Are we fulfilling the terms of our covenant, our promise to be faithful stewards of the vineyard?

Are we nourishing life with love?

Are we ensuring that justice and mercy flourish, that we are sustaining creation with care?

When we turn to the news today, the response appears to be a grave one.

This past week we were shocked and saddened to hear the news of more unexplainable violence and loss of life.

We’ve hardly recovered from the recent loss of life in Charlottesville, both events unexplainable to those who value a civil society.

The mayhem of storms causing loss of life, destruction and hardship continually batters us.

We debate our interest and ability to respond to all the need.

Immigrants and refugees among us, most especially young adults and children, are riddled with anxiety as we debate DACA and their future in our country.

We engage in military posturing, we talk of our might in ways that seem to transcend our need for safety.

Tax reform is debated, yet we are not doing much to close the widening gap between the rich and the poor.

We seem indifferent to the issues that plaque a criminal justice system filled with inequities and accounts of injustice.

And we continue to grapple with issues of race, ethnicity, gender, sexuality, poverty and access to health care, fortifying ourselves into our polarized and inflexible corners, refusing to listen to others.

We have only to look to Christ to measure what we do.

Failing to tend the vineyard, failing to sustain the Kingdom of God, failing to share the “fruits of our labor” takes many forms today.

Our words, our actions, our hesitation to act, and our willingness to marginalize those we deem unworthy are not unlike the brutal actions taken by the tenant farmers.

Last Sunday Mother Kate offered this in her early morning sermon.

The question is not what Jesus would do?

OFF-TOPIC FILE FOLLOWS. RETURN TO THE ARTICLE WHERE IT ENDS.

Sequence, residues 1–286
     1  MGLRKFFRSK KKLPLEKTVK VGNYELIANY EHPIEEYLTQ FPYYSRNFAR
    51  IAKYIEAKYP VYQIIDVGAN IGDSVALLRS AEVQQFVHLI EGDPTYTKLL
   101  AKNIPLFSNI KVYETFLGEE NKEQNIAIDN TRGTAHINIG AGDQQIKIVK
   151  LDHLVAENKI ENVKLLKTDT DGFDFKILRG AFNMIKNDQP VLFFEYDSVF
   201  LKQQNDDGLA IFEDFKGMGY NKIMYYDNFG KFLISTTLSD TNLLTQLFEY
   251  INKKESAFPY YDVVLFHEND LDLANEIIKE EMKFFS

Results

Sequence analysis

The question is what would we do if we were tending the vineyard, yielding the stewardship like Jesus?

Jesus embraced the suffering.

Jesus welcomed the outcasts, the poor and the marginalized.

He taught us that these are the favored in God’s sight.

Jesus shared the fruits of the vineyard.

He promoted economic equality, radical love for all, justice where none was to be found, and God’s mercy when no one else would care to do so.

As we render decisions and judgments in our own conversations, in our social actions, immigration policy, tax reform, military posturing, relief efforts, human rights, health care access, and economic inequalities, let us measure it all against what God desires.

And ask the compelling questions raised by today’s parable.

How will justice, mercy and compassion guide our actions?

How will justice, mercy and compassion be extended to all?

How will we be careful stewards and sustainers of God’s creation?

Christ has given us the vineyard to tend and to sustain.

Our work begins.

Our work begins with our own willingness to share the fruits of the vineyard with all.

Our work continues with our willingness to crush the old stones of injustice, discrimination, inequality, and indifference.

And with Christ as our Cornerstone, we use the new stones of God’s compassion, mercy and justice to build an ethical society and to plant seeds for generations yet to come.

It’s quite possible that Jesus knew the story of Choni and the planting of a tree that bears fruit for later generations?

Today’s Gospel leaves us with much to consider.

When so many vexing problems seem impossible to confront, all is possible in God’s time.

When we plant new seeds, it might take time for them to bear fruit.

And when we tend the vineyard, plant and nurture our seeds today, we build God’s ethical kingdom, we sustain generations yet to come.

“In the name of the Lord of the Vineyard,

who calls us to stewardship,

Father, Son and Holy Spirit.”